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Study: Gastric Bypass Surgery Helps Diabetes Patients Achieve Remission, Regardless of How Much Weight They Lose

Aug. 22 2023, Updated 12:06 p.m. ET

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Weight loss surgery could be a key factor for people with diabetes achieving remission, according to a new study.

In the study, more than half of diabetes patients who had gastric bypass surgery reported diabetes remission — independent of how much weight they lost. These findings, presented at the American Society for Metabolic and Bariatric Surgery (ASMBS) 2023 Annual Scientific Meeting, offer promising insight for those living with diabetes.

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For the study, researchers from the Mayo Clinic, the University of California-San Francisco, and Stony Brook University Medical Center looked at data from 815 gastric bypass surgery patients from 2008 to 2017. Over this time period, researchers collected information from patients on a yearly basis.

The study followed these patients for seven years on average — which is the longest such study for diabetes patients following a gastric bypass.

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Although results showed a correlation between gastric bypass surgery and diabetes remission, many factors are at play here. They included: the need for diabetes medications, disease duration, pre-surgery insulin use, baseline HbA1c levels and post-surgery weight loss.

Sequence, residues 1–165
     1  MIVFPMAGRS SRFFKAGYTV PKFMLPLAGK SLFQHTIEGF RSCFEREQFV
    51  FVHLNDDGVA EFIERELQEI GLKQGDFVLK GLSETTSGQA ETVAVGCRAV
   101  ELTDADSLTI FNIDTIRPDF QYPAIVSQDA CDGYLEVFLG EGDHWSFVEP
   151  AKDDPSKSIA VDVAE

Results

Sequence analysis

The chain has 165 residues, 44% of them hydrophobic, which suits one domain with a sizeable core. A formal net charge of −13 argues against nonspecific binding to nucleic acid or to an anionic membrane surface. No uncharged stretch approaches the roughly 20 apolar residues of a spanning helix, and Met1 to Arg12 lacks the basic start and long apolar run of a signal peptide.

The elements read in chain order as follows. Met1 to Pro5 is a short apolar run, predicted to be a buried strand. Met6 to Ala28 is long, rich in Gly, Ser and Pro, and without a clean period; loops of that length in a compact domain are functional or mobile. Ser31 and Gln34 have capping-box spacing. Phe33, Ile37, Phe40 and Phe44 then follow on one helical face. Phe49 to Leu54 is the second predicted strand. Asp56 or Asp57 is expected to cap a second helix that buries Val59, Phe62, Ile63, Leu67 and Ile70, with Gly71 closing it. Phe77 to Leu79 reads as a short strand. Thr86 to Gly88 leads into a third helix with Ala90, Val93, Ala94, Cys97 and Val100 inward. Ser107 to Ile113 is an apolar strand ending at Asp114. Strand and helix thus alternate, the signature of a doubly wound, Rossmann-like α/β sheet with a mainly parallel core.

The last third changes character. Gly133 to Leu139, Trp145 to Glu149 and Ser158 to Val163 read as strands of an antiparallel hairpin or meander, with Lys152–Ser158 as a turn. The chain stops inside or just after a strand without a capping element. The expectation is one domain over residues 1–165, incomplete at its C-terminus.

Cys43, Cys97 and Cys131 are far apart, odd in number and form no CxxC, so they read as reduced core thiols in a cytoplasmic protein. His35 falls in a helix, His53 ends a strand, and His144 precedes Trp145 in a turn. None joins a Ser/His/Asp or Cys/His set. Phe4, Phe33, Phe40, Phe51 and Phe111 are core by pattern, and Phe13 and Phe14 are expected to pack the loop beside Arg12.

The key takeaway: Weight loss following gastric bypass surgery is not the only factor for remission of diabetes.

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“This study shows that diabetes remission is not fully contingent on weight loss after gastric bypass surgery,” the lead study author, Omar Ghanem, MD, said in a new release. “The key is to maintain close monitoring and efficient management of diabetes after surgery."

Ghanem added: "Metabolic surgery is not a magic pill, but it offers perhaps the only chance for many people to rid themselves of diabetes and its associated complications once and for all.”

Clearly, further research is needed to learn more about the best long-term treatment options for diabetes. But this study may be a step in the right direction for addressing a health condition that's on the rise.

Diabetes affects more than 37 million people in the U.S., according to the Centers for Disease Control and Prevention (CDC), and costs for individuals living with it can be astronomical.


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